Wilderness Without Borders: Protecting one of Europe’s largest natural landscapes, Polesia

A vast region in the heart of Europe, Polesia is home to nationally and internationally-threatened wildlife including charismatic species like bison, bears, wolves and lynx. The area also provides critical ecosystem services, such as flood prevention in downstream cities, water for homes and industry and carbon storage. Polesia faces ongoing and increasing human threats including unsustainable hunting, mining and logging, unregulated harvest of berries and ill-advised infrastructure development. This project will secure official protection for key forest habitats, and restore degraded wetlands, thereby ensuring ecological connectivity between fragmented areas to create one of Europe’s largest natural landscapes.

Polesia

Bordering Poland, Belarus, Ukraine, and Russia and shaped significantly by the Prypiat River, Polesia is a massive lowland region covering more than 18 million ha. It is one of Europe’s largest natural complexes, with habitats including transitional mires, fens, and marshes, raised bogs, wetlands, peatlands and ponds. Almany Mires, one of Europe’s largest mires, can be found here, covering an area of 100,000 ha. The area also boasts one of the largest complexes of floodplain meadows and alluvial floodplain forests.

Polesia supports numerous species of nationally and internationally threatened flora and fauna. The yearly gathering of Eurasian wigeon and godwits on the floodplains of the Prypiat is the largest in Central and Eastern Europe, and the vast natural floodplain meadows and mires provide critical spawning grounds for many fish species.

Project context and opportunity

Anthropogenic pressures including logging, fires, drainage, unsustainable hunting and berry foraging, illegal amber mining, radioactive contamination (caused by the Chernobyl disaster of 1986) and construction of roads and pipelines are damaging the ecological integrity of Polesia. As a result, the connectivity between the area’s nationally and internationally-threatened populations of mammals, including wolf, lynx and European bison, as well as several bird species, is at risk.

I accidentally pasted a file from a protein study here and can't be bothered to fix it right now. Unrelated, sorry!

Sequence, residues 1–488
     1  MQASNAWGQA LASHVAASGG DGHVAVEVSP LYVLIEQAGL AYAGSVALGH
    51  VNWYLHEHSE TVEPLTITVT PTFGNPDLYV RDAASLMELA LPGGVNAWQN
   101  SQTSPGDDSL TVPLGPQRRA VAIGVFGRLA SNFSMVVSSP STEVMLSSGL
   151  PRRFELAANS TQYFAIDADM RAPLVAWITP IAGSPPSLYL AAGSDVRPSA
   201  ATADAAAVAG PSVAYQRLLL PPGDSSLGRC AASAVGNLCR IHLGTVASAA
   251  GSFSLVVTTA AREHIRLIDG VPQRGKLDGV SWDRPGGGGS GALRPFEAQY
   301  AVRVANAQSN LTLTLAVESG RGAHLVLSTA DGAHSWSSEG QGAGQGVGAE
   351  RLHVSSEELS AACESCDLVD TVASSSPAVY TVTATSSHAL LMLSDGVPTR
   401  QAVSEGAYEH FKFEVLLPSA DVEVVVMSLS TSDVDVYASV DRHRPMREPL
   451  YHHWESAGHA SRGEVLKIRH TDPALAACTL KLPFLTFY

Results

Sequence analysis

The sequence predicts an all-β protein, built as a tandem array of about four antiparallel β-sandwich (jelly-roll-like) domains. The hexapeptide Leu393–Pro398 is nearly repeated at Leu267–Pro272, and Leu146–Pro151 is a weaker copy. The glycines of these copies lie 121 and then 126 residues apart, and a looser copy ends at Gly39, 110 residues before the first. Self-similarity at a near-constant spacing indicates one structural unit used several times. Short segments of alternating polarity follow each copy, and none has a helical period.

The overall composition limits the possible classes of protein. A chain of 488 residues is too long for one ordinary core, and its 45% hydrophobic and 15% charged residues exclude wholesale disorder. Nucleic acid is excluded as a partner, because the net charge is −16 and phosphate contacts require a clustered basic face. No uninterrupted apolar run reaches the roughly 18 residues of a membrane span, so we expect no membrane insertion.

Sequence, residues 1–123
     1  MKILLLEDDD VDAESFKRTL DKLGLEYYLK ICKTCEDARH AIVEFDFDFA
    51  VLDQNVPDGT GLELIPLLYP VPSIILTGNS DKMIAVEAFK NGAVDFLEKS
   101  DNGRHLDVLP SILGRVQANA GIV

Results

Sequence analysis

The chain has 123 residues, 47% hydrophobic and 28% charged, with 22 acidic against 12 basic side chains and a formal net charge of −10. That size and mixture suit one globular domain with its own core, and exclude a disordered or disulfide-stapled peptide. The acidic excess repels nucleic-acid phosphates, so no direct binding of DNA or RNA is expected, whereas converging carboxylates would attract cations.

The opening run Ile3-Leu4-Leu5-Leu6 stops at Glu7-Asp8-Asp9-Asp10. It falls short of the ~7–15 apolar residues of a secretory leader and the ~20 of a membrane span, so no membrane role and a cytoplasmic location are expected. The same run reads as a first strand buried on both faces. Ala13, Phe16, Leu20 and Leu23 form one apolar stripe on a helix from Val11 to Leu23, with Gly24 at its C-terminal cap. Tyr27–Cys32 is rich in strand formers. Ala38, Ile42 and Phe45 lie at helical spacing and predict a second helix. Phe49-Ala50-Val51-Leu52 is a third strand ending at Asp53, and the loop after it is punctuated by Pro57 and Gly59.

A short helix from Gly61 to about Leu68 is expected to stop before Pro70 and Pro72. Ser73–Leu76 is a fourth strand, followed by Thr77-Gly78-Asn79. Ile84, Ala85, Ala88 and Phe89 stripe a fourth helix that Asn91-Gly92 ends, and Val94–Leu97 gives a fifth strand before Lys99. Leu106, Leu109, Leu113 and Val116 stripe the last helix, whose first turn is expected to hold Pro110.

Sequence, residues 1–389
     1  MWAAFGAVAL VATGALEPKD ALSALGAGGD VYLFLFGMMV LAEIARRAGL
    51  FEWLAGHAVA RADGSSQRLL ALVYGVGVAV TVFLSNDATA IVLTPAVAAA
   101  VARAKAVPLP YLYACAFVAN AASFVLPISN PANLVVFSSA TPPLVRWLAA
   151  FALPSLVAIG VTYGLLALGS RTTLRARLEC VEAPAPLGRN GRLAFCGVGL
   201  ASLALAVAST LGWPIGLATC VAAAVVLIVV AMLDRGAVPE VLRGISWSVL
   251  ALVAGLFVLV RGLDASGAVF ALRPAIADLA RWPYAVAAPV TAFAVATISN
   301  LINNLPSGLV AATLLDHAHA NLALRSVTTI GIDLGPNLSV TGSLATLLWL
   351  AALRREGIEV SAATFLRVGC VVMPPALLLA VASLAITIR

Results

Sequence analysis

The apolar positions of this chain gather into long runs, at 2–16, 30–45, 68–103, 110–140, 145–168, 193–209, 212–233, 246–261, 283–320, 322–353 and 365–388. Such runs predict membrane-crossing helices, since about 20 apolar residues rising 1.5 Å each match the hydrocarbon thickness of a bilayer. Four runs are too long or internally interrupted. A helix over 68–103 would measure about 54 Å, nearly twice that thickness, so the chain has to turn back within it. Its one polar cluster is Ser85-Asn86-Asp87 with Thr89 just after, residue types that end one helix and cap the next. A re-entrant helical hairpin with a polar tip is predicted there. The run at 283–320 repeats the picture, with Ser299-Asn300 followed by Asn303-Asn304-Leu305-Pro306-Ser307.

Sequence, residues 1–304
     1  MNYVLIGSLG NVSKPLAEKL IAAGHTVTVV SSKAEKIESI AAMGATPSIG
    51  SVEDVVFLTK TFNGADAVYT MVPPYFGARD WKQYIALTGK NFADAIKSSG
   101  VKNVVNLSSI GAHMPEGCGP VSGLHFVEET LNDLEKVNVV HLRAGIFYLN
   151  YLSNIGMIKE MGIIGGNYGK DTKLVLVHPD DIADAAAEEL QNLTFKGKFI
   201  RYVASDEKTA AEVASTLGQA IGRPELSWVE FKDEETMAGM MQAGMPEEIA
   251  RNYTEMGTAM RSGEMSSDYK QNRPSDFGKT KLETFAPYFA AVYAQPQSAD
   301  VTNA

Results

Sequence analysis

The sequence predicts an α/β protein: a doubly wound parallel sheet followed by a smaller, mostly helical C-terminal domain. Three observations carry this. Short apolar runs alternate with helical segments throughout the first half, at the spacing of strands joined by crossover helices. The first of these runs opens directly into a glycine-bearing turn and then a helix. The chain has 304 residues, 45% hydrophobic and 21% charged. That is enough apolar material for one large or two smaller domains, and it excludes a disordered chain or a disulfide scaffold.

Regional and national policies are being developed, including a post-2025 regional strategy for protected area development in Belarus, providing timely entry points through which to halt this fragmentation and create an ecologically coherent network that restores, maintains and enhances the natural processes linking wetland and terrestrial habitats.

What the project will do

This project will create a contiguous network of protected areas covering almost 1.4 million ha of ecologically functioning natural landscape in the heart of Europe. It will become one of Europe’s largest protected natural wilderness areas, providing essential habitat to many threatened species.

To achieve its aims, the project will:

  • Strengthen the protected area network within the core area of Central Polesia (“Prypiat Polesia”) through ecosystem restoration and more sustainable use of key natural resources
  • Protect 100,000 ha of currently unprotected wilderness through the establishment of new, or enlargement of existing, protected areas
  • Submit a UNESCO World Heritage Nomination, to protect an area of at least 300,000 ha
  • Improve connectivity across all of Central Polesia for large mammals such as wolf, lynx, bison, and brown bear
  • Restore at least 6,000 ha of wetlands affected by drainage, through rewetting projects
  • Introduce alternative, sustainable income options and develop a Polesia brand for local produce and handicrafts, to develop the economy, benefit local communities, and reduce the pressure on natural resources especially the harvesting of berries

Watch an introduction to the Polesia project below:

Project Partners

Frankfurt Zoological Society (FZS)
APB
Ukrainian Society for Protection of Birds (USPB)
British Trust for Ornithology (BTO)

Quick Facts

Project Lead

Project location:

Polesia

Countries:

Belarus and Ukraine

Landscape size:

1,200,000 ha

Key habitats:

Wetlands, peatlands, floodplain meadows, marshes, mires and raised bogs

Focal landscapes:

Greater spotted eagle, ruffs, snipe, brown bear, European bison and lynx

Project Gallery

Download Project Factsheet

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